Francois Duhamel/Fox Searchlight Pictures
Lupita Nyong'o and Chiwetel Ejiofor in the Oscar-nominated 12 Years a Slave. Director Steve McQueen and film editor Joe Walker took a restrained, formal approach to portraying the "casual nightmare" of American slavery.
Francois Duhamel/Fox Searchlight Pictures
A lot of people believe 12 Years A Slave is the best film yet made about slavery in the United States. That doesn't make it easy to watch.
It also wasn't easy to edit.
"Editing is like a massive, 5,000-piece jigsaw puzzle," says director Steve McQueen. He's just arrived from Europe and is relaxing in a suite in a swanky West Hollywood hotel with the film's editor, Joe Walker.
Walker edited McQueen's previous feature films, Hunger and Shame. The two share a taste for experimentation. Walker was trained as a classical composer; McQueen comes from the art world. When they remember their first rough assemblage of footage for 12 Years A Slave, they use words like "horribly wrong" and "nightmarish."
"There was one scene that we were struggling with, a scene when Solomon [Northup, the film's main character] boards a steamship," remembers Walker. "He's being kidnapped, and he's transported south to be sold into slavery."
But editing that terrible, disorienting voyage to Louisiana proved a problem. It was taking too long, and was further complicated by the production's sizable investment to build an authentic steamboat. The 10-week edit was taking place in Amsterdam, where McQueen lives. So one night Walker, in a fit of frustration, went out and bought "some international prize-winning skunk."
"And I got really, really stoned," he admits sheepishly. Now, Walker isn't normally a pot smoker, he says; his usual drug of choice is peppermint tea. But this time he just let it rip.
"What was going on in my head was a combination of some of the images, sort of snapshots of the things we'd been working on all day," he says — images swirling around with the music of Dutch composer Louis Andriessen.
Walker started editing the steamboat sequence to an Andriessen piece called De Snelheid, and showed it to the director.
"It was amazing," McQueen recalls. "It abbreviated the scene, but you felt the journey because of the physicality of the music and [the sense that] you were coming closer to something. This inevitable dark ending, to be sold down the river."
The music eventually used in the scene, by Hans Zimmer, was inspired by Andriessen. Generally, though, Walker and McQueen tried to avoid music in favor of natural sounds: the ominous rumble of Louisiana thunder, or slaves laboring on a plantation.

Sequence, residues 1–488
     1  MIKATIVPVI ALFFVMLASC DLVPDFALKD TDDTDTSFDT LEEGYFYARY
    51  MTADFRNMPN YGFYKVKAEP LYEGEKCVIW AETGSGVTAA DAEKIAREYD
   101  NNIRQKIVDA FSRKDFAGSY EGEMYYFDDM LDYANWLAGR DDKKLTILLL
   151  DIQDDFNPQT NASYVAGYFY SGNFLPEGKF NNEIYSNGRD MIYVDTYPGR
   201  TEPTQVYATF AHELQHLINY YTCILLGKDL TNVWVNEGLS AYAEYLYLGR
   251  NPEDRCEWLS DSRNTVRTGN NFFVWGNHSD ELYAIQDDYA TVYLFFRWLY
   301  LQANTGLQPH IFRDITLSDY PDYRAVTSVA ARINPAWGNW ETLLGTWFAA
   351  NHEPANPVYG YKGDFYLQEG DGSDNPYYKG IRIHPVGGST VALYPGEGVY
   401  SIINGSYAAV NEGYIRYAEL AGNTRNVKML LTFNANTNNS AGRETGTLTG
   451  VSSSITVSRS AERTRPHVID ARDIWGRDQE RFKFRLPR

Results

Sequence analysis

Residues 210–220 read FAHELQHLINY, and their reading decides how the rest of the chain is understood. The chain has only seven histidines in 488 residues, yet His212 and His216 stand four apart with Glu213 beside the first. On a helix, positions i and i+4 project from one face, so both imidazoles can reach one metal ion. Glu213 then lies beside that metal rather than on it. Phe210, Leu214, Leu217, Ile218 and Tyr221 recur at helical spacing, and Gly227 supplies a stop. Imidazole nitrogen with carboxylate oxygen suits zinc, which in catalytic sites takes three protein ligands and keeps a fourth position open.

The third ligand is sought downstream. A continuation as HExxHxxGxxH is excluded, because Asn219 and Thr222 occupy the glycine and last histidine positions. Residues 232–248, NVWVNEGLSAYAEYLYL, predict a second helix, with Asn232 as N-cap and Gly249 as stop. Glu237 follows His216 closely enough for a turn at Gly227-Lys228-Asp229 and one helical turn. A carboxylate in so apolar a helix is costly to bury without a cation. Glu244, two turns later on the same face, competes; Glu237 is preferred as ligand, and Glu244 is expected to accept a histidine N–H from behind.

"We used the hard percussive sounds of pressing; they're sowing seeds in a field," Walker says.
12 Years A Slave's editing has been described by critics as formal and classical, partly for its use of restrained, unbroken shots. They are partly a conscious refusal to look away from slavery's ongoing depravations, faced particularly in the film by a young woman named Patsey.
"There's this long sequence when Patsey is beaten, and that's an all-in-one shot," Walker says. "Something peculiar happens when you don't cut. In some way, you're sort of calling to your audience — that it's real."
At another point, the filmmakers wanted to illustrate both the physical and psychic traumas of slavery, together, in one wide-angle shot. As a punishment, Solomon Northup is strung by his neck from a tree for hours, so he's barely able to breathe.
"And we see him hanging, and doing this surreal dance with the tiptoes of his feet in the mud," Walker says. "And we aren't plying you with music, and we aren't making big comments — and we're not that close."
The physical distance allowed the filmmakers to not just show Solomon dangling from the tree in agony but also to see the other slaves, forced to carry on with their tasks all around him.
"To me, it always felt like it was sort of a great way of realizing the casual nightmare of it all," Walker adds quietly.
He says he didn't really have a hard time working on such scenes of brutality. What was hardest was when Northup's freedom is eventually restored.
"I was in tears in the cutting room when I saw that come in," he says. "There wasn't a single shot of that family reunion that wasn't heartbreaking."
Perhaps those big emotions are — partly— why some people are afraid to see the film. It's made less than $50 million in the United States. But most moviegoers who've seen it are happy they did. 12 Years A Slave is the best-reviewed film of the year, according to the website Rotten Tomatoes. (It sent McQueen its own award, the Golden Tomato.)
And on March 2, 12 Years A Slave will be up for nine Oscars, including best picture, best director — and best film editing.